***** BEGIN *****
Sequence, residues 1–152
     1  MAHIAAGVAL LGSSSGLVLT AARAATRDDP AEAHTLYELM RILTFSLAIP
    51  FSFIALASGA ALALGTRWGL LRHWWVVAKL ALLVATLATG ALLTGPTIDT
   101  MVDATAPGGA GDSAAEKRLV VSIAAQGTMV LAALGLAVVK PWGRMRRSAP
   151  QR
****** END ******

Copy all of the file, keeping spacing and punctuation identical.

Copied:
Sequence, residues 1–152
     1  MAHIAAGVAL LGSSSGLVLT AARAATRDDP AEAHTLYELM RILTFSLAIP
    51  FSFIALASGA ALALGTRWGL LRHWWVVAKL ALLVATLATG ALLTGPTIDT
   101  MVDATAPGGA GDSAAEKRLV VSIAAQGTMV LAALGLAVVK PWGRMRRSAP
   151  QR